Recently, our household has had more than its fair share of bad luck. It all started in the weeks leading up to Christmas. Our daughter arrived home from Buffalo State College ready to start her Christmas break and enjoy a much-deserved vacation from school, only to wake up with swollen eyes. She had no other symptoms – just swollen, puffy eyes. We tried all the regular at-home remedies: cold cloths, benadryl (in case it was allergies), and even a cucumber for her eyes (which ended up tasting great in a salad instead). She had to take steroids for two weeks plus antibiotics for what ended up being a prolonged sinus infection.

That, however, was just the start of things.

The morning Kira woke up with her eyes swollen, Dave took Parker to school and the van overheated. It ended up in the shop, in need of a new water pump. A typically simple (but expensive) repair got complicated when the parts store could not locate the right part – not just once, but two, then three, then four times. Our van (which took $425 to fix a week before Christmas) was in the shop for a week.

But, that was still only the start of it all.

While Kira had swollen eyes and the car was in the shop, I developed a nose bleed that wouldn’t stop. Not one but two trips to the emergency room were required, along with follow up visits to the ENT and the family doctor, all with Kira (swollen eyes and all) providing all the transportation since, yep, the van was still in the shop.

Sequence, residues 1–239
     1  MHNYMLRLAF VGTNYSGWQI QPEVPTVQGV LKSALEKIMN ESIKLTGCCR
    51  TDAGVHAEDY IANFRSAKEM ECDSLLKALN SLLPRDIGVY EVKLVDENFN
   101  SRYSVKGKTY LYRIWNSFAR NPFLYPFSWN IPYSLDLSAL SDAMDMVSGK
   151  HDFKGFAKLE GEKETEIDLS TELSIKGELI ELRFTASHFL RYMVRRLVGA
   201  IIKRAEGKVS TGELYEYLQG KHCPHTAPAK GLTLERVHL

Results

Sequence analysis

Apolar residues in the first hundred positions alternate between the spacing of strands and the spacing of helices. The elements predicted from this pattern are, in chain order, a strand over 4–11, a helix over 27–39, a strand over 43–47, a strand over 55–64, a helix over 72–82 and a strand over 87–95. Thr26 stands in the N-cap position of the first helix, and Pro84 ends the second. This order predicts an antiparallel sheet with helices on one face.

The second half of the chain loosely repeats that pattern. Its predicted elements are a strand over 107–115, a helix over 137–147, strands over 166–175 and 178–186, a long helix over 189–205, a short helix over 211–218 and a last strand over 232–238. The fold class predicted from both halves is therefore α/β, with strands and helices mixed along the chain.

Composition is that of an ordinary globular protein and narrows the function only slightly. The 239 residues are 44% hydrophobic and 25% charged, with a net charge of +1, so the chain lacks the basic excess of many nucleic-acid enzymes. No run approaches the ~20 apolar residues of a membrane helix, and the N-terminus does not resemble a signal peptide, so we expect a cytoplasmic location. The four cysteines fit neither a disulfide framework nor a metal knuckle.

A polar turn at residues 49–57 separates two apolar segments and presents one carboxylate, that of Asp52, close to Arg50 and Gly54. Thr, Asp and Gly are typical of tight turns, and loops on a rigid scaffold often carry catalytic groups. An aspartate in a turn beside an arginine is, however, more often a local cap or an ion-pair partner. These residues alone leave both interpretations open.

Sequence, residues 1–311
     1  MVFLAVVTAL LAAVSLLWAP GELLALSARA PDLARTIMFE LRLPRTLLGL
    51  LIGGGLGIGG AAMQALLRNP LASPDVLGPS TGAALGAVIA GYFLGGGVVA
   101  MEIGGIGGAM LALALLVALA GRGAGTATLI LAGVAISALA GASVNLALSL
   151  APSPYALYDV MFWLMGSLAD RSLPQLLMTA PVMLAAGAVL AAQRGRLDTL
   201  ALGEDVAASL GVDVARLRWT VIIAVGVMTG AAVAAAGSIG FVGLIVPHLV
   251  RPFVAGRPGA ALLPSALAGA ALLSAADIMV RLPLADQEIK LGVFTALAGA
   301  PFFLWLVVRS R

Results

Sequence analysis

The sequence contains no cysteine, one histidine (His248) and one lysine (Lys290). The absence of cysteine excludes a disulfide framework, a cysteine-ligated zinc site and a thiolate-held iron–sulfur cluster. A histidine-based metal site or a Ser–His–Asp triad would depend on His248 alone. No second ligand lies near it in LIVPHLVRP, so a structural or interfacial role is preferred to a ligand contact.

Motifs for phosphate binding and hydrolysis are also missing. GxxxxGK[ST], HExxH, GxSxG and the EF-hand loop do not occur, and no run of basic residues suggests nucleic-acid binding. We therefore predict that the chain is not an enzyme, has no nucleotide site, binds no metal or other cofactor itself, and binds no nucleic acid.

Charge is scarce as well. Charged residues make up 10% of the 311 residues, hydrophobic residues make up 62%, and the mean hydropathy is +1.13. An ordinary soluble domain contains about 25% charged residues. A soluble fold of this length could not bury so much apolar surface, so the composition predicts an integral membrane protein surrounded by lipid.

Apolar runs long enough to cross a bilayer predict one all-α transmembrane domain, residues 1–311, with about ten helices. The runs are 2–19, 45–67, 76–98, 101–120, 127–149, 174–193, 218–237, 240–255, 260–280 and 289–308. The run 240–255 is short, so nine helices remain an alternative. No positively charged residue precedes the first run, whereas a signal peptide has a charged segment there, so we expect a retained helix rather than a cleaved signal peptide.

At the same time, the weather dropped into the 20s. Typically, if we’re without a car, we can walk wherever we need to go in our small village. But this particular week we had dance lessons, a choir concert, and last-minute holiday shopping to be done. Thank goodness for Kira’s willingness to loan her car, make two trips to the school to get us all to the concert, and help transport her little sister to dance class – all with swollen eyes.

As if that wasn’t all, during all of this, Dave was giving the dogs a much-needed bath and in the ensuing wrestling, managed to injure himself seriously enough to make surgery a real possibility, and Anika got a high fever and spent a couple of days home in bed.

I kept telling myself things would get better. And by Christmas, things were. Kira’s eyes were on the mend; the car was back from the shop; my nose issue was well under control. The kids were healthy. Dave’s doctor thought he would heal on his own and would not need surgery. Christmas was lovely.

Now, less than a month after Christmas, I’m wondering if perhaps I should claim that new Zodiac sign and maybe change my luck. As I write this, Parker is sitting in the recliner, home from school with a fever and sinus infection. Anika is laying on the sofa next to me with a fever and the flu. Dave is sitting on the sofa on the other side of me with a fever and an appointment to see the doctor and schedule that surgery we hoped we’d avoided. And I have to package up my laptop and send it back to the manufacturer because it is malfunctioning and be without it for two weeks. A migraine is developing, I’m sure of it.

Yet it’s these moments – when everything is topsy turvy and nothing is going the way I expected it would – that I look around and feel so grateful. Ironic, I suppose, but I think back to when I worked in the corporate world and how much more difficult it would be to do and be all the things I will need to in the coming weeks if I still had an atrocious boss (the kind I seem to attract) to answer to.

Things will look up – and until then, I’ll gather my babies close to me and help them feel better and be grateful to have such a flexible work schedule that the real priorities in my life can be right at the top where they deserve to be.